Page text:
Oxytocin Causes Contraction of the Pregnant Uterus. Thehormone oxytocin, in accordance with its name, pow-erfully stimulates contraction of the pregnant uterus, especially toward the end of gestation. Therefore, many obstetricians believe that this hormone is at least partially responsible for causing birth of the baby. This is supported by the following facts: (1) In a hypophy-sectomized animal, the duration of labor is prolonged, indicating a possible effect of oxytocin during delivery. (2) The amount of oxytocin in the plasma increases during labor, especially during the last stage. (3) Stim-ulation of the cervix in a pregnant animal elicits nervous signals that pass to the hypothalamus and cause increased secretion of oxytocin.
Oxytocin Aids in Milk Ejection by the Breasts. Oxytocin alsoplays an especially important role in lactationâ€”a role that is far better understood than its role in delivery. In lactation, oxytocin causes milk to be expressed from the alveoli into the ducts of the breast so that the baby can obtain it by suckling.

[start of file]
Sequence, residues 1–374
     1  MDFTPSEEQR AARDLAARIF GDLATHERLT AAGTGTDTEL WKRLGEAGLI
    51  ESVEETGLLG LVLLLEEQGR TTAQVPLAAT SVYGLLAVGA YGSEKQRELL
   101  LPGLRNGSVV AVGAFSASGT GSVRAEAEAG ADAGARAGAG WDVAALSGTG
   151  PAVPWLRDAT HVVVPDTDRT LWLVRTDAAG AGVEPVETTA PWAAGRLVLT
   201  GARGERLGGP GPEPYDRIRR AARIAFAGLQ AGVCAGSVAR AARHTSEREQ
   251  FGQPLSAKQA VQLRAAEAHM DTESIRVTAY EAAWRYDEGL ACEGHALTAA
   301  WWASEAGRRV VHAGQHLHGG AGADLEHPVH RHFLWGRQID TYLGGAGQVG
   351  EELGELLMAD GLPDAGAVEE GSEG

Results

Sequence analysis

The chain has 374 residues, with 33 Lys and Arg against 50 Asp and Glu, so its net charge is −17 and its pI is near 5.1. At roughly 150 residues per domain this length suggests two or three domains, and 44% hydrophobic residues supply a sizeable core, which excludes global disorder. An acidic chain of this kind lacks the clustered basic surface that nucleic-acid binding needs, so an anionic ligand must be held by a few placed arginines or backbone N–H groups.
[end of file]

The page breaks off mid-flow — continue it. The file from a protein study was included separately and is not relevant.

This mechanism works as follows:The suckling stim-ulus on the nipple of the breast causes signals to be transmitted through sensory nerves to the oxytocin neurons in the paraventricular and supraoptic nuclei in the hypothalamus, which causes release of oxytocin by the posterior pituitary gland. The oxytocin is then carried by the blood to the breasts, where it causes contraction of myoepithelial cells that lie outside of and form a latticework surrounding the alveoli of the mammary glands. In less than a minute after the begin-ning of suckling, milk begins to flow.